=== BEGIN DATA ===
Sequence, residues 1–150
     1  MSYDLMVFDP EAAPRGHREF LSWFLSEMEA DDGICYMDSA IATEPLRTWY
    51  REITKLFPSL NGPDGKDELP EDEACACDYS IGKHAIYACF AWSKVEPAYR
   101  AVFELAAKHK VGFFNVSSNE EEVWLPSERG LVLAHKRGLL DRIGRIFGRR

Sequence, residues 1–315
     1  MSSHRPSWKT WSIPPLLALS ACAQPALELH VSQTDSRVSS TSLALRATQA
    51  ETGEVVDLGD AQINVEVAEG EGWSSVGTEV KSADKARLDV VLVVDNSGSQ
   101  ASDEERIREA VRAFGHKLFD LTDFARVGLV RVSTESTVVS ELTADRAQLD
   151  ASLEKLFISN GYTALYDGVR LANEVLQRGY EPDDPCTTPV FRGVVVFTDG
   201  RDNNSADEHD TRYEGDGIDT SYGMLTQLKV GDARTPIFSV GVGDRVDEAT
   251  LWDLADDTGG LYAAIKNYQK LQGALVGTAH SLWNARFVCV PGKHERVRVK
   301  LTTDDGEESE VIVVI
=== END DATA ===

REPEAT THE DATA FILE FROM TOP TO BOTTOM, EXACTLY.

Sequence, residues 1–150
     1  MSYDLMVFDP EAAPRGHREF LSWFLSEMEA DDGICYMDSA IATEPLRTWY
    51  REITKLFPSL NGPDGKDELP EDEACACDYS IGKHAIYACF AWSKVEPAYR
   101  AVFELAAKHK VGFFNVSSNE EEVWLPSERG LVLAHKRGLL DRIGRIFGRR

Sequence, residues 1–315
     1  MSSHRPSWKT WSIPPLLALS ACAQPALELH VSQTDSRVSS TSLALRATQA
    51  ETGEVVDLGD AQINVEVAEG EGWSSVGTEV KSADKARLDV VLVVDNSGSQ
   101  ASDEERIREA VRAFGHKLFD LTDFARVGLV RVSTESTVVS ELTADRAQLD
   151  ASLEKLFISN GYTALYDGVR LANEVLQRGY EPDDPCTTPV FRGVVVFTDG
   201  RDNNSADEHD TRYEGDGIDT SYGMLTQLKV GDARTPIFSV GVGDRVDEAT
   251  LWDLADDTGG LYAAIKNYQK LQGALVGTAH SLWNARFVCV PGKHERVRVK
   301  LTTDDGEESE VIVVI